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The Tragedy Unfolding on the American Homefront

While a teenager recently fatally shot his veteran father in self-defense, the national conversation failed to register that although veterans must be held accountable.

(Image: Lance Page / TO; Adapted: assbach, isafmedia, Uqbar is back)

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In Essex Junction, Vermont, on April 26, 2014, a teenager was forced to fatally shoot his father in self-defense after Kryn Miner threatened to kill the family. I have yet to see any talking heads or bloggers parsing the fatal family feud, which is grotesquely irresponsible when you consider that this country’s foreign policies and government agencies had a hand in what happened.

Kryn Miner was a 44-year-old Chief Warrant Officer 2 with the Vermont Army National Guard, with two and a half decades of service, including 11 military deployments in seven years, most recently Afghanistan in 2010. Every combat tour escalates the likelihood of developing Post-Traumatic Stress Disorder (PTSD), so after 11 tours, the question is less whether there’s PTSD than how much. US citizens refused to end the war, instead calling on reserve forces to fight for them in unprecedented numbers, even though we have known for decades that reservists consistently suffer more, and more severe, post-combat mental health problems than active duty troops.

National Guardsmen have been found to have rates of PTSD as much as three times higher than active duty troops after combat. Guard veterans also report more alcohol abuse, suicidal ideation and incidents of aggressive behavior. The vast differentials in mental health outcomes between reserve and active duty are primarily due to: the lack of post-deployment unit support; markedly poorer post-deployment mental health services and follow-up; and the rapidity with which citizen soldiers return to civilian life after combat. Factor in a Traumatic Brain Injury (TBI), which also often increases aggression and reduces impulse control, and you’ve got a recipe for deadly domestic assault in the veteran’s home. In this case, it was Kryn Miner’s home, and what happened in the dawn’s early light of April 26 was less the exception than the rule of how these wars are coming home for the families of vets with PTSD and TBI.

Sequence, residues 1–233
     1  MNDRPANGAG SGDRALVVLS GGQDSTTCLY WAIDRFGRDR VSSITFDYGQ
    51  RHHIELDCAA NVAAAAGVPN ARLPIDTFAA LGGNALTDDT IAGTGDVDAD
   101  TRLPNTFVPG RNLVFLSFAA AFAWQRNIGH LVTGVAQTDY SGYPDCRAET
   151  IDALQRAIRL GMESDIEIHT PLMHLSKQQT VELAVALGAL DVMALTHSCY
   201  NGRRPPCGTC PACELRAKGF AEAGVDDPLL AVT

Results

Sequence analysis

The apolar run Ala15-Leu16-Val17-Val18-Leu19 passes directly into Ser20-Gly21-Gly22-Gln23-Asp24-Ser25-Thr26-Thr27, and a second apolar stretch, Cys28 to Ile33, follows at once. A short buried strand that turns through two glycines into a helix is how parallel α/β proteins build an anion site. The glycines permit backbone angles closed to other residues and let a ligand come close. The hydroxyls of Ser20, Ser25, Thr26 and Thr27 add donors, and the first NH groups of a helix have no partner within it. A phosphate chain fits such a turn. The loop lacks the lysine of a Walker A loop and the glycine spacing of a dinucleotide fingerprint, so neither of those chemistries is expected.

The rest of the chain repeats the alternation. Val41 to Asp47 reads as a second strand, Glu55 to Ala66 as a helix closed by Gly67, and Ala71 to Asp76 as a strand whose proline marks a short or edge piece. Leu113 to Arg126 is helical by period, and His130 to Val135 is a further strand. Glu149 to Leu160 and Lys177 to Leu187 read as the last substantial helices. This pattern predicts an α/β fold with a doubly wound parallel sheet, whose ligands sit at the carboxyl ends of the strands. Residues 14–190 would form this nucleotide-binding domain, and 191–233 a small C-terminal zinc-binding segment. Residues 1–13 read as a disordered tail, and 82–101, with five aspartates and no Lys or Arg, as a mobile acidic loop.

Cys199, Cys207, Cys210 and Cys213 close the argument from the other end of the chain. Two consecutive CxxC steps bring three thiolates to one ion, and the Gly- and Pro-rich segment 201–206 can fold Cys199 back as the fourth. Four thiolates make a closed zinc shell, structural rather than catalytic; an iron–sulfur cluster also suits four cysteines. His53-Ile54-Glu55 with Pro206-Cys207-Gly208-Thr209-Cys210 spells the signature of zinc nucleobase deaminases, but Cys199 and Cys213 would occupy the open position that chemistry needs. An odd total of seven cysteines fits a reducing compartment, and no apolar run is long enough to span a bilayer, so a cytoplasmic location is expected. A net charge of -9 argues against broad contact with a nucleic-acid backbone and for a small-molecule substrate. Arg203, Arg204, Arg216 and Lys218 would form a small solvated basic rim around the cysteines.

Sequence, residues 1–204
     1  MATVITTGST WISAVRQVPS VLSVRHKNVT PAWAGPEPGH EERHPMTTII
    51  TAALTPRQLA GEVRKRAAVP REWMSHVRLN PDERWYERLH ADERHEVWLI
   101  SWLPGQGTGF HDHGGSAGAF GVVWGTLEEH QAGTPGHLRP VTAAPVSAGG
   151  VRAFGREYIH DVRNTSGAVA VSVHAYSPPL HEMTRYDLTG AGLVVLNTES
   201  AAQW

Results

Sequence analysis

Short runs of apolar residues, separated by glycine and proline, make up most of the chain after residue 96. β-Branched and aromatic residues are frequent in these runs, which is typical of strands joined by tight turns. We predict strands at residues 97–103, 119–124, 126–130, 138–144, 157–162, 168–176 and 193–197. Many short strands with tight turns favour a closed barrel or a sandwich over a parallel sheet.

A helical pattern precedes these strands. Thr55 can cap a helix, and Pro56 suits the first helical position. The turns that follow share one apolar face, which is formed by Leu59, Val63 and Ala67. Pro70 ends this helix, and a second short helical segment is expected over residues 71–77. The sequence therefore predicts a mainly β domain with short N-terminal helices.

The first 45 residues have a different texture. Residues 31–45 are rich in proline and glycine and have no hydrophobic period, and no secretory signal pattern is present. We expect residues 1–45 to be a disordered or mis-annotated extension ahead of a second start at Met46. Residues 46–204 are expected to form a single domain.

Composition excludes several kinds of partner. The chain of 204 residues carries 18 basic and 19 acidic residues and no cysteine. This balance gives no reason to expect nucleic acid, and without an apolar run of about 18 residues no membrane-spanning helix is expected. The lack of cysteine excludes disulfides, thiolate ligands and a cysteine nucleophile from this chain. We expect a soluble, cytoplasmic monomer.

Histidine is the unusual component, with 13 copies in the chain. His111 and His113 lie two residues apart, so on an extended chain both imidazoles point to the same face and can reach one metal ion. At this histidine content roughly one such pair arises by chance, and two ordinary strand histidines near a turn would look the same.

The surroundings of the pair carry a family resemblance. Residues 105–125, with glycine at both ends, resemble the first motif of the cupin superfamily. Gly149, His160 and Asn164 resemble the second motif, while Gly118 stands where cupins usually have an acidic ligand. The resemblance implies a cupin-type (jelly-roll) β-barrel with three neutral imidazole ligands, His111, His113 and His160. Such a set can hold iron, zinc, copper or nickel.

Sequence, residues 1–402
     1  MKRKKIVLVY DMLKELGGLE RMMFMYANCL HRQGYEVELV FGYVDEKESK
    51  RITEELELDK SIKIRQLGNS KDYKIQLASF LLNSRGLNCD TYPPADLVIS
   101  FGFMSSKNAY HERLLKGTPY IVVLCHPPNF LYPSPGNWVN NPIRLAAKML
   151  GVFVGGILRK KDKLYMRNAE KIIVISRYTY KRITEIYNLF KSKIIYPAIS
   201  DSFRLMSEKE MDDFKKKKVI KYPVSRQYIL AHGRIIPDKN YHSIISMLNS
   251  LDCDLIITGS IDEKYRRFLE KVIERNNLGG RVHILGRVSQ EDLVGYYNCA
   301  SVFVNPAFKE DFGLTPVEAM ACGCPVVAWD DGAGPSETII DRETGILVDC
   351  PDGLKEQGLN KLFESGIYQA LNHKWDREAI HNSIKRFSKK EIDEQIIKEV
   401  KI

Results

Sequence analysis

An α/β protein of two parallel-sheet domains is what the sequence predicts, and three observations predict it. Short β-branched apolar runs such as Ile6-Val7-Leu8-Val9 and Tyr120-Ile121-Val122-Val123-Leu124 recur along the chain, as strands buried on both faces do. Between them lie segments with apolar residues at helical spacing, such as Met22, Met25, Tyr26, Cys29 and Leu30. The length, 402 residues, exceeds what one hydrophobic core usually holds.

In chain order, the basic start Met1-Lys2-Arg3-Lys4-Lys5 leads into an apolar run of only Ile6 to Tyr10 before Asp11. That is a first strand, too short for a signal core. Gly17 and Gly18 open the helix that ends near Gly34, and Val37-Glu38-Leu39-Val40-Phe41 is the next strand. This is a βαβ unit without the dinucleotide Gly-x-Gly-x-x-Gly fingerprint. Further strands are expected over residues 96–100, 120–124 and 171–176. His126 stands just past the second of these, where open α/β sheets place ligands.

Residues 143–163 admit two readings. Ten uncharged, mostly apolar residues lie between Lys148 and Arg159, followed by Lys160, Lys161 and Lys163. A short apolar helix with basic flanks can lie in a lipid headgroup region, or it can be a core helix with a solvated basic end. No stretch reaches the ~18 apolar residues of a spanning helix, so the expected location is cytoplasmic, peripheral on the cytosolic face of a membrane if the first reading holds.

A growing body of evidence shows that the majority of veterans with those conditions have committed at least one act of interpersonal violence, and nearly half of those were severe. I recall being on a conference call with spouses of combat vets a few years back when one of the women asked, “Who hasn’t been strangled by their husband?”

Not one of us spoke up.

Amy Miner, Kryn’s widow, disclosed at least one previous incident where her husband had become agitated and threatened her and their four children with a gun. She was able to talk him down, but she didn’t report it, which is pretty typical, because those of us who fell in love with our spouses before they went to war know that they weren’t like this before.

We know that the battle buddy who had their back over there isn’t here, and we aren’t going to lose one more goddamn thing to this war. We know that we are the firewall between our veteran and homelessness, and even in the midst of this awful dark sickness, we believe that there might be a light waiting for us somewhere on the other side.

We know that while all vets are changed by war, some of them actually do come back just fine, if not better than before. We understand (trust me that we do) that our veterans have to be held accountable, but we also understand this: so does the United States.

Our nation’s leaders are accountable, too, in how they chose to initiate and prosecute these wars. The United States’ Department of Veterans Affairs is accountable in how it treats, or refuses or delays to treat, returning veterans. The people of America, who asked for so much for so long, but gave little, if anything at all? They, too, are accountable to what was, or wasn’t, done in their name, or by their votes and with their consent. Those factors contributed to the shooting death of a Guard veteran with compound combat trauma.

My husband has that same compound trauma. He’s an 80 percent service-connected, disabled, two-time Iraq war veteran who retired from the Army National Guard after 27 years of honorable service. His untreated war wounds cut a path of destruction through the center of our lives, and I find it obscene that this country still refuses to take responsibility for its role in the tragedy unfolding on the American Homefront and find ways, right now, to stop it.

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